There is currently not enough data available to establish the vaccine’s safety and efficacy for immunocompromised people. People with HIV infection, other immunocompromising conditions, or people who take immunosuppressive medications or therapies might be at increased risk for severe COVID-19. These individuals may still receive the COVID-19 vaccine unless otherwise contraindicated. We recommend that you reach out to your health care provider to help you make an informed decision.
What risks should I consider if I’m immunocompromised?
According to the CDC, you should consider the unknown vaccine safety and efficacy profiles in immunocompromised people, the potential for reduced immune responses, and the risks of becoming ill with COVID-19, as well as the need to continue to follow all current guidance to protect yourself against COVID-19.
Can a person already sick with COVID-19 receive the vaccine?
The vaccination should be deferred until the person recovers from an acute illness (if the person had symptoms) and has met the criteria to discontinue isolation. There is no minimum interval between infection and vaccination. However, current evidence suggests reinfection is uncommon within 90 days after initial infection, so people with documented acute infection may defer vaccination until the end of
Should people who previously received antibody therapy for COVID-19 receive the vaccine?
There is no data on the safety or efficacy of the COVID-19 vaccination in people who received monoclonal antibodies or convalescent plasma as part of COVID-19 treatment. According to the CDC, the vaccination should be deferred for at least 90 days to avoid interference of the treatment with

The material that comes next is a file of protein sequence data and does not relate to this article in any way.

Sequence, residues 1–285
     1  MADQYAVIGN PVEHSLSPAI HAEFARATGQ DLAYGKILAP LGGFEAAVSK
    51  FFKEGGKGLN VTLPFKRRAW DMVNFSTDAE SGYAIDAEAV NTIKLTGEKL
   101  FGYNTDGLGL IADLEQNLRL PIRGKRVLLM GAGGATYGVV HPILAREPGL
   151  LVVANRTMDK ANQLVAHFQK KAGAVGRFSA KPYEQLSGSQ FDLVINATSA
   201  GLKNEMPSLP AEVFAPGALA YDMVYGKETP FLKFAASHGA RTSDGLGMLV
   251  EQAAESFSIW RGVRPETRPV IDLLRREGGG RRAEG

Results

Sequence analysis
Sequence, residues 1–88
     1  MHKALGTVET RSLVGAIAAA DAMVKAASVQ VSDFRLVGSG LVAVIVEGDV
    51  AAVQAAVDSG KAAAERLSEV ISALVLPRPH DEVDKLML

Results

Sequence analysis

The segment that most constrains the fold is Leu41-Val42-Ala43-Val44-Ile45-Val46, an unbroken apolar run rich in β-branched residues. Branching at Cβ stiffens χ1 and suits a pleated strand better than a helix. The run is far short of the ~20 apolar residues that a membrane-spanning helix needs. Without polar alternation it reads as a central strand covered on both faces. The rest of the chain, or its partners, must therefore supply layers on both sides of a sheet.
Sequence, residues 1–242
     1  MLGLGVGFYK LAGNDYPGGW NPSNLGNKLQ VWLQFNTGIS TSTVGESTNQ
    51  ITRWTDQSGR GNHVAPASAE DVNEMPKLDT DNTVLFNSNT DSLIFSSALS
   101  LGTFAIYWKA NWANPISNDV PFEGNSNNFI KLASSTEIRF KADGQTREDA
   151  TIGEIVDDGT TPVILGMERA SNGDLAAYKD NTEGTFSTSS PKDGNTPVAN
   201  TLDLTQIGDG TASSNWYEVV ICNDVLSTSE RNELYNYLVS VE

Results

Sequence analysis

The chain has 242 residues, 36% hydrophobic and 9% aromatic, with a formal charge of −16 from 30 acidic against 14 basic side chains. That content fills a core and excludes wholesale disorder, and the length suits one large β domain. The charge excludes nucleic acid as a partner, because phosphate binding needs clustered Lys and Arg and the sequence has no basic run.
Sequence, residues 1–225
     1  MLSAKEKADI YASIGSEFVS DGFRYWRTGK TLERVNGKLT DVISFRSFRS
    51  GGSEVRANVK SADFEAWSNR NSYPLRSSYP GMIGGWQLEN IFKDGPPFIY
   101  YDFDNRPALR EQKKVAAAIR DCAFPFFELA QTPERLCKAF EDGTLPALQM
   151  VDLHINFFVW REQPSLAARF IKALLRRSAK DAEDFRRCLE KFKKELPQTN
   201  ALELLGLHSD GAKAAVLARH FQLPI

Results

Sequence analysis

vaccine-induced immune responses.
Should people with underlying medical conditions receive the vaccine?
Yes. The vaccine may be administered to people with underlying medical conditions who have no contraindications to vaccination. Phase II and phase III clinical trials demonstrated similar safety and efficacy profiles in people with underlying medical conditions, including those that place them at increased risk for severe COVID-19, compared to people without comorbidities.
Should I take Tylenol or Advil before the vaccine to minimize my possible side effects?
No, it is not recommended at this time due to a lack of information on the impact of use on vaccine-induced antibody responses. Antipyretic or analgesic may be taken for treatment of post-vaccination symptoms.
GETTING THE VACCINE FROM HOUSTON METHODIST